Citation Information :
Tendulkar P, Pandey P, Panda PK, Bhadoria AS, Kulshreshtha P. Descriptive Epidemiology of COVID-19 Deaths during the First Wave of Pandemic in India: A Single-center Experience. Indian J Crit Care Med 2022; 26 (1):71-75.
Background: With the looming threat of recurrent waves of coronavirus disease-2019 (COVID-19) in the presence of mutated strains, it is of paramount importance to understand the demographic and clinical attributes of COVID-19 related mortalities in each pandemic wave. This could help policy makers, public health experts, and clinicians to better plan preventive and management strategies to curb COVID-19 related mortality.
Materials and methods: This was a hospital record-based, retrospective cross-sectional descriptive study, at a tertiary care hospital in Rishikesh, India. The study included all deceased patients between March 2020 and January 2021 (first wave) who had tested positive for severe acute respiratory syndrome coronavirus 2 (SARS-CoV-2) by reverse transcription polymerase chain reaction (RT-PCR) and were hospitalized. The study was done to describe demography, clinical presentation, laboratory parameters, treatment given, and associated complications of all COVID-19 deaths.
Result: Out of 424 mortalities, 298 (70.38%) were males and 126 (29.62%) were females. Mean age of patients was 55.85 ± 16.24 years, out of which 19.5% were less than 45 years old, 33.6% were 45–60 years old, and 41.8% were more than 60 years old. Comorbidity in the form of type II diabetes mellitus was present in 41.4% [95% CI (41.4–51.1)], hypertension in 39.8% [95% CI (35.1–44.6)], and coronary artery disease (CAD) in 15.2% [95% CI (11.8–18.8)]. At the time of presentation, shortness of breath was present in 73.6% [95% CI (69.1–77.7)], fever in 64.92% [95% CI (60.1–69.4)], and cough in 46.1%, [95% CI (41.1–50.8)]. Deranged laboratory parameters were lymphopenia in 90.2% [95% CI (86.8–92.7)], transaminitis in 59.7% [95% CI (54.8–64.3)], and hypercreatinemia in 37.7% [95% CI (33.1–42.5)]. Complications manifested were acute respiratory distress syndrome (ARDS) in 78.3% [95% CI (74–82.1)] and shock in 54.7% [95% CI (49.8–59.5)]. Median time duration between onset of symptom and hospital admission was 5 days (interquartile range (IQR) = 3–5 days) and median length of hospital stay was 9 days (IQR = 4–14 days).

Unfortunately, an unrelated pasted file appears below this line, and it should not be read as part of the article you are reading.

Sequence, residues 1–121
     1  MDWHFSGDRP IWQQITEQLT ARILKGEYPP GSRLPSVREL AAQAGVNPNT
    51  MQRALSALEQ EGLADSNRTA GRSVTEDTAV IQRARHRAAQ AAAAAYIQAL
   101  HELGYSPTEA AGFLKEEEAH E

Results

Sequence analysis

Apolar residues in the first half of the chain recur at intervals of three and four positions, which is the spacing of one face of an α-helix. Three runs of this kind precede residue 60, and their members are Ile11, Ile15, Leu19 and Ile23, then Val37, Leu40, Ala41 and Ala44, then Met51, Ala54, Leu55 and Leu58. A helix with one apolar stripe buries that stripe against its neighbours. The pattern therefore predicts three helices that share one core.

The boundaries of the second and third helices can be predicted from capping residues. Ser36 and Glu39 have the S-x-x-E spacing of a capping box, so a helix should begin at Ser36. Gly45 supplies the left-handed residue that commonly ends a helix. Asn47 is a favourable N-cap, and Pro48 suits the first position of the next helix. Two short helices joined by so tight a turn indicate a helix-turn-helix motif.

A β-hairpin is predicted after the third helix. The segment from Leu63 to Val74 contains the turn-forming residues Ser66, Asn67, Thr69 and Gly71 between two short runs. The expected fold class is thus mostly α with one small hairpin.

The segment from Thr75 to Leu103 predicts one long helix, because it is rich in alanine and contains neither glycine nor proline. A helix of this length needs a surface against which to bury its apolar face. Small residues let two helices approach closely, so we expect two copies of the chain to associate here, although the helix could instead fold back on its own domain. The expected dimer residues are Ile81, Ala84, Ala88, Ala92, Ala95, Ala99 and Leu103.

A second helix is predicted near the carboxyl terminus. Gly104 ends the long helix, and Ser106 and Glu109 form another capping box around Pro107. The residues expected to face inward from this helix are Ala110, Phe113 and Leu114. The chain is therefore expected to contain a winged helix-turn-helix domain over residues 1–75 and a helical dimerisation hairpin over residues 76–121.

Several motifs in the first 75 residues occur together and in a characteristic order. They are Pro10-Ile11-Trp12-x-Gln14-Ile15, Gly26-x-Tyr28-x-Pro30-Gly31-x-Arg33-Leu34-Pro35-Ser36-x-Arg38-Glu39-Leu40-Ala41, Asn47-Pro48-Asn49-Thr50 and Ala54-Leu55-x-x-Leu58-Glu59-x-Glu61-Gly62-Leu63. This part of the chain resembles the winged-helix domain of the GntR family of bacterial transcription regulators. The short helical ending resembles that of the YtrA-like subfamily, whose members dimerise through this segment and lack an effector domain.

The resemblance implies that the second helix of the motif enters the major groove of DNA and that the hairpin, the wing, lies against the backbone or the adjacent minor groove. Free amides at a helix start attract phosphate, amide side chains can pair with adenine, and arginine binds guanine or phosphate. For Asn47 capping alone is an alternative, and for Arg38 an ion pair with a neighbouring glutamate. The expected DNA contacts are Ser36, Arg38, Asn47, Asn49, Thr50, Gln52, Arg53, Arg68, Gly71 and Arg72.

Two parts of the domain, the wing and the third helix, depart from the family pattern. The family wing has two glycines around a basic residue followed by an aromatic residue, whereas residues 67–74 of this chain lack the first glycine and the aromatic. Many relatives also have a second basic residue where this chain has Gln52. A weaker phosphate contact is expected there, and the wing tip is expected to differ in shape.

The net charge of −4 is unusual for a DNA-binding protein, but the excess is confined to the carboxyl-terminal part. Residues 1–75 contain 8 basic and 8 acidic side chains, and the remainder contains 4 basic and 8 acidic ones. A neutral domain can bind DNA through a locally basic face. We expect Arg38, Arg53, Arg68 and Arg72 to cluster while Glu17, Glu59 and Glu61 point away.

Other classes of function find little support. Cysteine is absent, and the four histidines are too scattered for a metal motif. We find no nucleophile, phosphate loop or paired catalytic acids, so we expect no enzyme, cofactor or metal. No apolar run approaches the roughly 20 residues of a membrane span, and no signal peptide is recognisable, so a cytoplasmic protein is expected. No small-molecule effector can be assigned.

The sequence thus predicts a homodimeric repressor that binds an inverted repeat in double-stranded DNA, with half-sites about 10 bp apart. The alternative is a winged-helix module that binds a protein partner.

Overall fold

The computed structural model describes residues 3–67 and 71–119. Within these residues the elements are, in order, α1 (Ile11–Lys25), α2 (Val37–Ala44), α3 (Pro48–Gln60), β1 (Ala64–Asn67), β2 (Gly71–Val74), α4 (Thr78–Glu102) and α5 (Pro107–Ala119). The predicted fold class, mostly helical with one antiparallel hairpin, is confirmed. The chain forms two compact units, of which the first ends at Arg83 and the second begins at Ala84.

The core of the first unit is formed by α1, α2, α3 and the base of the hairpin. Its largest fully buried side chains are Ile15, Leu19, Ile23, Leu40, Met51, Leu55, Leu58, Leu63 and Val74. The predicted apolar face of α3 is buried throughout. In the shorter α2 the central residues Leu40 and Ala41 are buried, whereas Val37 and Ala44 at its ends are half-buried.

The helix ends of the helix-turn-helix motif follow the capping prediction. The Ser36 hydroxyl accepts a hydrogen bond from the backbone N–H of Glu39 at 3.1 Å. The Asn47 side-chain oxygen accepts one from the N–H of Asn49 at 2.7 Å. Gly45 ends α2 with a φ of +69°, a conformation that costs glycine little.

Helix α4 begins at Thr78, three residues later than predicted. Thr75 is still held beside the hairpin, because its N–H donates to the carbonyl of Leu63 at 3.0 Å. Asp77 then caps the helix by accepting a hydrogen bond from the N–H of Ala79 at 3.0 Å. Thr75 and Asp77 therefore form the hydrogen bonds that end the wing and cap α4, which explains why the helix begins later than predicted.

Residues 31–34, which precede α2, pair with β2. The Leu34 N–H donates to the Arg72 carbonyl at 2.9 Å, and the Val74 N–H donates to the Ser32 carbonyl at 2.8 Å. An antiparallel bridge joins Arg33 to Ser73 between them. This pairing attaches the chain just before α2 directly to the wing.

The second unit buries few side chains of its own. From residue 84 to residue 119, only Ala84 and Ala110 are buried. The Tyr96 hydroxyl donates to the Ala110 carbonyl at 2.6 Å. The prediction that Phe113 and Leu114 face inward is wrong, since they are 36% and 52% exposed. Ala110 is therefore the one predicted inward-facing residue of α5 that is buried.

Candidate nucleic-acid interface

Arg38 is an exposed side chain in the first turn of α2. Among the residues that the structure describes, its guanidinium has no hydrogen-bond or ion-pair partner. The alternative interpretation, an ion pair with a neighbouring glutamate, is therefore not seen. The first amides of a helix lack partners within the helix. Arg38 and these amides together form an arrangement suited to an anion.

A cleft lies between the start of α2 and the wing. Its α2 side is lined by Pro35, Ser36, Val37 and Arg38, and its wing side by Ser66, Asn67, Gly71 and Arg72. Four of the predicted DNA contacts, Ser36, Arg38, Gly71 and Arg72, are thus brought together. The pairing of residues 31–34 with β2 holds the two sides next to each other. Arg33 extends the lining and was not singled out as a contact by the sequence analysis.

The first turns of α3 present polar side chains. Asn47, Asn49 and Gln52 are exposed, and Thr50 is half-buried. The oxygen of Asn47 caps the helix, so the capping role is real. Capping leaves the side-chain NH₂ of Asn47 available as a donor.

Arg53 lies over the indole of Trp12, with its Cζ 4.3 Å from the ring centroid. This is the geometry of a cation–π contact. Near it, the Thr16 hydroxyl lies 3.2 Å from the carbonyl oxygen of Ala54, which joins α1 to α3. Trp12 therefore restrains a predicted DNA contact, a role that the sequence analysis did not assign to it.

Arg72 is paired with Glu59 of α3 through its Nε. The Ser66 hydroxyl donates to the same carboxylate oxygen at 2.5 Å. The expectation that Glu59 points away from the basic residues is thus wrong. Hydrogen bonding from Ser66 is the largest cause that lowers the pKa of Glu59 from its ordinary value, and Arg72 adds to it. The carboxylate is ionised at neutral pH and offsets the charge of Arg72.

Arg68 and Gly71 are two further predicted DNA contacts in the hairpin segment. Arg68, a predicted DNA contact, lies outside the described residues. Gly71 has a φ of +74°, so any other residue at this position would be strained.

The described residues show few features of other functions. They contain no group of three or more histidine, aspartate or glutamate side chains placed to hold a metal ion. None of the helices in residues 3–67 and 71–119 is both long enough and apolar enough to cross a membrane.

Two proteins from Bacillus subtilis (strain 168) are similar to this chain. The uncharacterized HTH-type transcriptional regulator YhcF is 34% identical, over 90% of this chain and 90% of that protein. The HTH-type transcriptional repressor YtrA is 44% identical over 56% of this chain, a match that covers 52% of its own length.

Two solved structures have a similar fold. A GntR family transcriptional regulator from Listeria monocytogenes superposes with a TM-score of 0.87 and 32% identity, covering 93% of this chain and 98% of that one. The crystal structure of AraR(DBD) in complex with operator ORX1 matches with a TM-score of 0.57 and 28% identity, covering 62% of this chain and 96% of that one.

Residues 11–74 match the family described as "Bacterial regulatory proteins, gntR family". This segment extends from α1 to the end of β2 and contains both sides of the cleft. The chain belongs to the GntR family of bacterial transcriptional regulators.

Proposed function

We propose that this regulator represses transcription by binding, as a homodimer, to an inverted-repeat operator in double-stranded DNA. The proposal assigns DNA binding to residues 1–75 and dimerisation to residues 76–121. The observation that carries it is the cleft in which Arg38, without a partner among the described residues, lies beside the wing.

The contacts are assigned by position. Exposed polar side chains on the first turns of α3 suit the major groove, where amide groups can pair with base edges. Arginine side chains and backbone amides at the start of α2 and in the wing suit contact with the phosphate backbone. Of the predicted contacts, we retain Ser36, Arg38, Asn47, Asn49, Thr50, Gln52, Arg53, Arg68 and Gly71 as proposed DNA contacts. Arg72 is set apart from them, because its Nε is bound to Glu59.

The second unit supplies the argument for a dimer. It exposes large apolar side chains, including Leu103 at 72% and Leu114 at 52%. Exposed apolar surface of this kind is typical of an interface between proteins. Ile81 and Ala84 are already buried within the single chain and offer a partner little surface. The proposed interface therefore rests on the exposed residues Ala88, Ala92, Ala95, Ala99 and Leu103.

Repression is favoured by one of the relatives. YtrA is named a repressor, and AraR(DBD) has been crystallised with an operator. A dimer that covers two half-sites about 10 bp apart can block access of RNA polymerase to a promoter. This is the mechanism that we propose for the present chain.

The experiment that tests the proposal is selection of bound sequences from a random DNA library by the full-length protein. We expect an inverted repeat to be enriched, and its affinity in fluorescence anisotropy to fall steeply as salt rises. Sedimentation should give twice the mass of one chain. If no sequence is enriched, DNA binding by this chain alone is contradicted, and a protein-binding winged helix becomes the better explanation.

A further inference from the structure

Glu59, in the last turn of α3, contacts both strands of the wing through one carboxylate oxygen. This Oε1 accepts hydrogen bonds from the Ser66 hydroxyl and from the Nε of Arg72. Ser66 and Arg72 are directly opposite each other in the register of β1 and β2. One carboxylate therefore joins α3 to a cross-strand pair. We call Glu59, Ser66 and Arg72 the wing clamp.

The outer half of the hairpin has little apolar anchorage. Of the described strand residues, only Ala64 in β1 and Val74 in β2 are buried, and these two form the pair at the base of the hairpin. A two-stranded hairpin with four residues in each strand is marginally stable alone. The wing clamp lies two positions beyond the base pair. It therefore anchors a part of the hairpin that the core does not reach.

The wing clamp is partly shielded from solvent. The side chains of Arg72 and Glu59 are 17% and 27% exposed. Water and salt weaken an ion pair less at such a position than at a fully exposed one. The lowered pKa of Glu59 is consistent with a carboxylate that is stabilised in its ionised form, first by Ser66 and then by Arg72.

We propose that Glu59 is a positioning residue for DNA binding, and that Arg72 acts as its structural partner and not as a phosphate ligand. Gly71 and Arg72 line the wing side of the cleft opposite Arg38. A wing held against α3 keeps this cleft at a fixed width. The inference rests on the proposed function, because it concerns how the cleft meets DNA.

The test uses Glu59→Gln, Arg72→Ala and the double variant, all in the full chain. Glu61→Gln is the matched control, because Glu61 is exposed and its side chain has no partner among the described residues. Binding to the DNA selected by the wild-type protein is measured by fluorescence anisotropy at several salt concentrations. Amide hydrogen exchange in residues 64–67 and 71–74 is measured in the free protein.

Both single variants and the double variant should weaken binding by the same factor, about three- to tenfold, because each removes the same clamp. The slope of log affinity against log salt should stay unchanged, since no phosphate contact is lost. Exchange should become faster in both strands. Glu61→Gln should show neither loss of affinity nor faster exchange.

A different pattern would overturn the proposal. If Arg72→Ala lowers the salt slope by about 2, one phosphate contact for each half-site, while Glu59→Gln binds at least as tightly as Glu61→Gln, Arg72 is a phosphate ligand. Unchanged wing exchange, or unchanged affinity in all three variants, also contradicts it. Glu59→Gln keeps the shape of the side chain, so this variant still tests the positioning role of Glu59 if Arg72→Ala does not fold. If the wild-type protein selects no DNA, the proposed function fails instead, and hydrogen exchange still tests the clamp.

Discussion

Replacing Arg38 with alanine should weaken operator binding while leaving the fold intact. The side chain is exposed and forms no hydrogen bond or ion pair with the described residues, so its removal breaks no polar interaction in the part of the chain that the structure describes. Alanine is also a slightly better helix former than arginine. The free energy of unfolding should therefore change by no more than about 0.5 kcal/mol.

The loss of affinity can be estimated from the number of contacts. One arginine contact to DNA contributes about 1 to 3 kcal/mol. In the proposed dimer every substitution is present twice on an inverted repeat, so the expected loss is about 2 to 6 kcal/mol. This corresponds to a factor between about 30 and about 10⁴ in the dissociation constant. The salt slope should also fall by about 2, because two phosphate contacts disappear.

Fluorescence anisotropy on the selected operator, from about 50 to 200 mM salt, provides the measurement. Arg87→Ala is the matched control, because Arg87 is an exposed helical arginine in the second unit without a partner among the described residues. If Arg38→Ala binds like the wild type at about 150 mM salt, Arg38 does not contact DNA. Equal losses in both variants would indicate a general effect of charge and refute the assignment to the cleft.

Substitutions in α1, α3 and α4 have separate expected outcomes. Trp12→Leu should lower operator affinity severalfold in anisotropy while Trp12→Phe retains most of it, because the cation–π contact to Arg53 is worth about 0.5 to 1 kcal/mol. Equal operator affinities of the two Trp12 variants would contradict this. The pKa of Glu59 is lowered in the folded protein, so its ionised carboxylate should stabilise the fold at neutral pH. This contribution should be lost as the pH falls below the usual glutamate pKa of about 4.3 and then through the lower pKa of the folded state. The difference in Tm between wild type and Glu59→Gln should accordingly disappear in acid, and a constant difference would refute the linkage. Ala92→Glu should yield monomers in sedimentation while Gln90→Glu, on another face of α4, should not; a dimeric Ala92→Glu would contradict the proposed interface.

Conclusion: During the first pandemic wave, COVID-19 related mortality was 2.37 times higher among males, 2.14 times in the age group >60 than <45 years. The most common associated comorbidities (>40%) were type II diabetes mellitus and hypertension. The most common associated symptoms (>60%) were shortness of breath and fever. Lymphopenia was seen in >90% cases while liver involvement in 60% and kidney in 38% cases. Median hospital stay was doubled the prehospital illness.
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